2011-12-14 / Features

Schumer Bill: Price Gouging Short Supply Rx Drugs A Fed Crime

BY JOHN TOSCANO


“Forcing hospitals to buy life-saving medications at outrageously inflated prices is unquestionably unethical, and with this legislation would be illegal too....” “Forcing hospitals to buy life-saving medications at outrageously inflated prices is unquestionably unethical, and with this legislation would be illegal too....” U.S. Senator Charles Schumer is filing legislation that would make it a federal crime to engage in prescription drug price gouging when drugs are in short supply.

The proposed bill, known as the Protecting Patients and Hospitals From Price Gouging Act, would authorize the U.S. Department of Justice (DOJ) to prosecute price gougers and crackdown on unscrupulous drug distributors that buy lifesaving medications and sell them to hospitals at outrageous markups, making these acts a federal crime.

In October, the New York lawmaker had called on the Federal Trade Commission (FTC) to launch an investigation into possible price gouging by companies engaged in the practice.

Schumer declared, “Forcing hospitals to buy life-saving medications at outrageously inflated prices is unquestionably unethical, and with this legislation would be illegal too.

“Let this be a loud and clear message to any unscrupulous middlemen that are holding, or would attempt to hold, patients and hospitals hostage for outrageous ransoms: if you try to play games with vital medicines in short supply, you will be held accountable.”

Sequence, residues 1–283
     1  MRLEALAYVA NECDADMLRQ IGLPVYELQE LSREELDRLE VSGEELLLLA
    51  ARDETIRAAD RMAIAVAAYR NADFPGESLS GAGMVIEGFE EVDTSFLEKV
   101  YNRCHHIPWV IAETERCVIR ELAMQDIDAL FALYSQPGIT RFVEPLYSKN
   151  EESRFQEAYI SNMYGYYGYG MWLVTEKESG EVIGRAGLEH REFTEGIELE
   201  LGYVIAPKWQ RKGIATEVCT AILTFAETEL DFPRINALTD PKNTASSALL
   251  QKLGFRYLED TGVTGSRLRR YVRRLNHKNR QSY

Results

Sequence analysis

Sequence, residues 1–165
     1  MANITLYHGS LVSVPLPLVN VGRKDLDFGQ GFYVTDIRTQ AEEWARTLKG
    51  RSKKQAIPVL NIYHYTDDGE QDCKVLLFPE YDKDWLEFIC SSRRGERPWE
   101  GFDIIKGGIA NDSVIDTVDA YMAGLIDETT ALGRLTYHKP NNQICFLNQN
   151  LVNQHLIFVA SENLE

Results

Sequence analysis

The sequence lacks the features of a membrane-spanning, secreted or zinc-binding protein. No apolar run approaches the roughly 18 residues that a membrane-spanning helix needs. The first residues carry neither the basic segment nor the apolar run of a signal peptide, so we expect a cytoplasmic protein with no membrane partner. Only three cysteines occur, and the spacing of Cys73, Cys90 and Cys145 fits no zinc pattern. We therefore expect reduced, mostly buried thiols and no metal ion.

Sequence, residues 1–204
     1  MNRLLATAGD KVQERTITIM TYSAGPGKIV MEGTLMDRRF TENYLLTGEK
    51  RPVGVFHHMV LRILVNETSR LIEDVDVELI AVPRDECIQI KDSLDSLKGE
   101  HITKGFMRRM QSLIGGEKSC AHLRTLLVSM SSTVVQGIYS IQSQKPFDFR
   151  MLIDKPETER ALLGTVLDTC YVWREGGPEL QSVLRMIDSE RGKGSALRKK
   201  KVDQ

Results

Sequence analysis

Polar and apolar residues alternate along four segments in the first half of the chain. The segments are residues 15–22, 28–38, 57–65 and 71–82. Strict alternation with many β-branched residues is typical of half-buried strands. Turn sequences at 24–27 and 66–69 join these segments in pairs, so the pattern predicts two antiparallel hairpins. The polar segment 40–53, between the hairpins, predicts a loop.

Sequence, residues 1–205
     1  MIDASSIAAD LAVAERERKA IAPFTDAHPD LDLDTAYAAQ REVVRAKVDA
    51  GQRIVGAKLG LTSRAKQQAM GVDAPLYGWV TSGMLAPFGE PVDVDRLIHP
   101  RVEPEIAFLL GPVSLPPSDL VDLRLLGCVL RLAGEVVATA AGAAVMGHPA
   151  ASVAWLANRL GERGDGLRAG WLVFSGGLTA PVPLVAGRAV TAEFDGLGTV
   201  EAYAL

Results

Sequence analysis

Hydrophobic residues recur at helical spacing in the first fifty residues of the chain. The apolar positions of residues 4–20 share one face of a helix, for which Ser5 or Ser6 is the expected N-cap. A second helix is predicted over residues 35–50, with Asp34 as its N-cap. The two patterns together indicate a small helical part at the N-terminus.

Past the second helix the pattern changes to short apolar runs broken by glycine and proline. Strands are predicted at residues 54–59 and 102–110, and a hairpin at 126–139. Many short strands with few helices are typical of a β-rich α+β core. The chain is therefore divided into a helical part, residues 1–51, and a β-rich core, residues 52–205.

The lawmaker’s bill would also allow the DOJ to prosecute individual gray market distributors who operate in an unscrupulous manner by engaging in price gouging. The bill would allow penalties of up to $500 million per violation.

Schumer’s legislation comes following reports that uncovered practices in which third-party companies purchase drugs in short supply, including life-saving medications that treat cancer and heart cases. These drugs are then resold to hospitals at significant markups.

Currently, Schumer points out, there is no federal law that explicitly prohibits prescription drug price gouging, tying the federal government’s hands from prosecuting unscrupulous drug distributors.

Schumer explained that hospitals across the U.S. are facing record drug shortages and are scrambling to purchase the medicines they need to treat patients. In addition to rationing drugs and delaying treatments, many hospitals have resorted to purchasing drugs from third party drug distributors, operating in a so-called gray market outside of the normal pharmaceutical system, in order to provide patients with the medicines they need.

Schumer is also a cosponsor of The Preserving Access to Life Saving Medications Act which would require drug makers to immediately notify the FDA when a raw material shortage, manufacturing problem or production decision is likely to cause a drug shortage.

Schumer said that while it was important to address the root causes of the drug shortage plaguing hospitals all across the country, unscrupulous drug resellers should not take advantage of these shortages to rip off hospitals and put patients at risk of not getting the medicines they need.

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